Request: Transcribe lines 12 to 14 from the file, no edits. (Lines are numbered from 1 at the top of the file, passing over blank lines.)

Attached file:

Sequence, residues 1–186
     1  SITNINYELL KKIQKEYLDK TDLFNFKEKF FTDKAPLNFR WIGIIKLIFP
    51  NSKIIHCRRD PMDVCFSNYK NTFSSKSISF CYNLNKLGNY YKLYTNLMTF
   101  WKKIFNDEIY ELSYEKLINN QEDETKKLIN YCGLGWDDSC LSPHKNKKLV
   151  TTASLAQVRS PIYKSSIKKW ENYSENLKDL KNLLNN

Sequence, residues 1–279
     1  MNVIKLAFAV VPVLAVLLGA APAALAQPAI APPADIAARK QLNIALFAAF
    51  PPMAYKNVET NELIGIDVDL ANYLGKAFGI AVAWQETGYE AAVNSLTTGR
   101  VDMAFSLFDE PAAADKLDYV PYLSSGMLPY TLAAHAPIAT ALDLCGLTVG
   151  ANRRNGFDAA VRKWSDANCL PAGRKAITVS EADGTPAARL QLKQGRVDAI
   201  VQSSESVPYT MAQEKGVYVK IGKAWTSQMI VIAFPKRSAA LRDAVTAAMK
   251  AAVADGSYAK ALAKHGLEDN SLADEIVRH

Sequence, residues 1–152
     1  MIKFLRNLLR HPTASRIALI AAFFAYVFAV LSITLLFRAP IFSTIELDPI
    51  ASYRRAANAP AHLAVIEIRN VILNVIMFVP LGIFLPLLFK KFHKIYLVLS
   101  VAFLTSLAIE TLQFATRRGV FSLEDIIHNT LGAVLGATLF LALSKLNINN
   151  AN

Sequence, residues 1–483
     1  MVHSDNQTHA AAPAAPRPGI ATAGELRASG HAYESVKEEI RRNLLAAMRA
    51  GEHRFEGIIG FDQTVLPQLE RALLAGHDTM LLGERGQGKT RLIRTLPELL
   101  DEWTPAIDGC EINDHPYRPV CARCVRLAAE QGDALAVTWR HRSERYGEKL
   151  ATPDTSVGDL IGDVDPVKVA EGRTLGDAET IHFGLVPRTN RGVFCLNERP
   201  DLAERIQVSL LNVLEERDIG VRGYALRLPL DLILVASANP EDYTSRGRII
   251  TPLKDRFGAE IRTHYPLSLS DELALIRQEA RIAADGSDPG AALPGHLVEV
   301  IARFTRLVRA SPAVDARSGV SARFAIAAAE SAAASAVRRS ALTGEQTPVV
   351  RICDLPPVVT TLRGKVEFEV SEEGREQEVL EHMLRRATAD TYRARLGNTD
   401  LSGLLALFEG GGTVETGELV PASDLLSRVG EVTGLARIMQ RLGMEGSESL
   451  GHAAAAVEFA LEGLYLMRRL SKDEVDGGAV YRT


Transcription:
   251  AAVADGSYAK ALAKHGLEDN SLADEIVRH

Sequence, residues 1–152
     1  MIKFLRNLLR HPTASRIALI AAFFAYVFAV LSITLLFRAP IFSTIELDPI